const std::string&amp; theCharactersToRender = text.getText();
    Renderable2DRect&amp; rect = getRectFromText(text);

    float drawX = 0;
    float drawY = 0;

    char currentChar = 0;

    // Loop through all the characters
    for(int i = 0; i < theCharactersToRender.length(); ++i)
    {
    // Update the current character
    currentChar = theCharactersToRender;


    if(currentChar == '\n')
    {
    //drawX = 0;
    //drawY += subRect.size.height;
    }
    else if(currentChar == ' ')
    {
    //drawX += text.getLineSpacing();
    }
    else
    {
    const Rect2DFloat&amp; subRect = text.getFont()->getGlypth(currentChar);
    rect.setSubRect(subRect);

    // Render the Rect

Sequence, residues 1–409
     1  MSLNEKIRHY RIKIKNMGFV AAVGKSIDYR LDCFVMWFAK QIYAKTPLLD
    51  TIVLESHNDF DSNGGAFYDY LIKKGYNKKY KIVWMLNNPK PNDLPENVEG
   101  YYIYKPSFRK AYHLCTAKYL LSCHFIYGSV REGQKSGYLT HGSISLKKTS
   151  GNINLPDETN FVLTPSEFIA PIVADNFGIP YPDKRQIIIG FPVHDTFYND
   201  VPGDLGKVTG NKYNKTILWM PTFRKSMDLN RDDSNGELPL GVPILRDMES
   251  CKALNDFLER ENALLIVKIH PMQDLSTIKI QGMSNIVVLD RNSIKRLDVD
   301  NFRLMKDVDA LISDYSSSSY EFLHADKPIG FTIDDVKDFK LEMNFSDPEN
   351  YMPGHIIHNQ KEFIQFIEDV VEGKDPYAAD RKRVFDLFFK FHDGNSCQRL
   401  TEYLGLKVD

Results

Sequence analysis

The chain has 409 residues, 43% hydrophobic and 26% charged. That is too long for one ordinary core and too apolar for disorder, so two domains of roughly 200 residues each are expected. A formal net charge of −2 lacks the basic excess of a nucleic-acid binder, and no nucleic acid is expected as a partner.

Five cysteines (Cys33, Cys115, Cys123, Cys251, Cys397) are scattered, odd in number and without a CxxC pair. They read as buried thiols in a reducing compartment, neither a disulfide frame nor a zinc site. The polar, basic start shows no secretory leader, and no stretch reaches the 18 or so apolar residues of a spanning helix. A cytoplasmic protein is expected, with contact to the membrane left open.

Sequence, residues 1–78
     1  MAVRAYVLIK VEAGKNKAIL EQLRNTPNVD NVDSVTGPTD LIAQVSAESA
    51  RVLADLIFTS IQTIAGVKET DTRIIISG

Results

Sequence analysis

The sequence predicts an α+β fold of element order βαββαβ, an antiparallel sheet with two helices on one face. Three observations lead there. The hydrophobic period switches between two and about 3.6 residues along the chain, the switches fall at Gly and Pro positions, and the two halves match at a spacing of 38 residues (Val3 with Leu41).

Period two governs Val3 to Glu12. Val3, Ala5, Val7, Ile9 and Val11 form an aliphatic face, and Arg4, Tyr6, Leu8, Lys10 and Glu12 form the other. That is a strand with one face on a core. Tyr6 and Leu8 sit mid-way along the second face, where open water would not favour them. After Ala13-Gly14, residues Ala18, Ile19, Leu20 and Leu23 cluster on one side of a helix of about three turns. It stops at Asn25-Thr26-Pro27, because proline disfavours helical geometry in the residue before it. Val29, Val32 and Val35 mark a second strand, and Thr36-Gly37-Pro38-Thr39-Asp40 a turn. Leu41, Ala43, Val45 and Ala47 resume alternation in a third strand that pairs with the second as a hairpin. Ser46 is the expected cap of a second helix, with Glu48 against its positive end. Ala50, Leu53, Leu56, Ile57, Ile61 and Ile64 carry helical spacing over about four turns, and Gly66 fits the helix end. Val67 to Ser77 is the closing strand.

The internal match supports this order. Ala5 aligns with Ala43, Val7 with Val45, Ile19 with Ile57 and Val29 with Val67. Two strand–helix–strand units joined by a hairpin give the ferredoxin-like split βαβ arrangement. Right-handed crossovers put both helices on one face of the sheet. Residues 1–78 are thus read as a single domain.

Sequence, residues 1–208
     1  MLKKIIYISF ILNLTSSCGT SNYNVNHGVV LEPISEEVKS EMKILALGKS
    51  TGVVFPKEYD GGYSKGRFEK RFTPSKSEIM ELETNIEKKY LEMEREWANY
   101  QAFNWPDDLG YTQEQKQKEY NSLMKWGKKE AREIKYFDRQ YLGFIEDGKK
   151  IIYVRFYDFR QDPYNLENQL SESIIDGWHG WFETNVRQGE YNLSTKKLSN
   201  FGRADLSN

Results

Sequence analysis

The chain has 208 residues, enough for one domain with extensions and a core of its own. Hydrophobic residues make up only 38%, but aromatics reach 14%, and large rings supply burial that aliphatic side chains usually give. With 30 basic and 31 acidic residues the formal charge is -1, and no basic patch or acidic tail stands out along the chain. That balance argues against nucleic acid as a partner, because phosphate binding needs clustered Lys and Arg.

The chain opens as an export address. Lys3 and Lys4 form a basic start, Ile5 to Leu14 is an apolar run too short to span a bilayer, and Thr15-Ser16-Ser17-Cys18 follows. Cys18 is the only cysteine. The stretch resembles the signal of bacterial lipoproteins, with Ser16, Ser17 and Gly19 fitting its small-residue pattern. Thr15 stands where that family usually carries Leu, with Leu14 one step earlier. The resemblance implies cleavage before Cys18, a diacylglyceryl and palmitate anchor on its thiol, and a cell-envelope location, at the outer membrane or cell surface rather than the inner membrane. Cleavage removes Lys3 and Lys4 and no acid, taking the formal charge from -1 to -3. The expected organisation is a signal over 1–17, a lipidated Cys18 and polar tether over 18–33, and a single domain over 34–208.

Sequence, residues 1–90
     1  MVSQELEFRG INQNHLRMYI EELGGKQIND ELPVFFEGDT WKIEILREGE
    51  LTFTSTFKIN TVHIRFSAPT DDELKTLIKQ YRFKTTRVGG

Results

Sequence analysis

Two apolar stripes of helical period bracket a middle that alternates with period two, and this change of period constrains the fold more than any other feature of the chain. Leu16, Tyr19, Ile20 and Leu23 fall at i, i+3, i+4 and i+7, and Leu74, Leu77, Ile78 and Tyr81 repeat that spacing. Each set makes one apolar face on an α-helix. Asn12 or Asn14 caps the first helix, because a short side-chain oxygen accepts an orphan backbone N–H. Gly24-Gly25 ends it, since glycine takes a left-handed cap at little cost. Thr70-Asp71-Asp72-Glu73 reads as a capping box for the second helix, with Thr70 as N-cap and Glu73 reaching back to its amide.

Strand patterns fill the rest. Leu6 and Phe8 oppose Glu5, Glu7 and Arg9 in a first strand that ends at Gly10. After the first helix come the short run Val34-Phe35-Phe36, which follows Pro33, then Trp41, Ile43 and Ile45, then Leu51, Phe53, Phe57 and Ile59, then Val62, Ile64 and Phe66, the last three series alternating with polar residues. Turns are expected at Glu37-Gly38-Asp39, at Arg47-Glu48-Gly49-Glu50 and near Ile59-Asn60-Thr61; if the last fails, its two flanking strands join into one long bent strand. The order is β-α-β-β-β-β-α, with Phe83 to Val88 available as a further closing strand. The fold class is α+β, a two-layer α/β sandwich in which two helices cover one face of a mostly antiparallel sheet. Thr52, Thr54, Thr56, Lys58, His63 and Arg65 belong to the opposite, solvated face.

renderRect(rect);

    drawX += subRect.size.width + 1;
    }


    rect.move(drawX, drawY);
    }
    }


    I've noticed that my Font is rendered sideways or something, and it seems to not be in the correct order or something? S: What I mean is: For example the '+' sign (43 in ASCII) is not 43 characters from the NULL character (0). Now I tried rendering the '+' character (adding 28 to it too, to make it render the '+' character) but all I get when I render it (zoomed in, with a rectangle next to it) is this, how do I fix it?
    plussign.png


    Here is the Image that was generated from the .ttf (the alpha channels might not show in the .png, I'm not sure S:), I don't know how to get the Image width exactly so it's not giving me excess pixels...:
    temp0.png

    Many thanks in advance.

  2. Couple of Questions:
    1. Why are you parsing the height instead of the width in this function: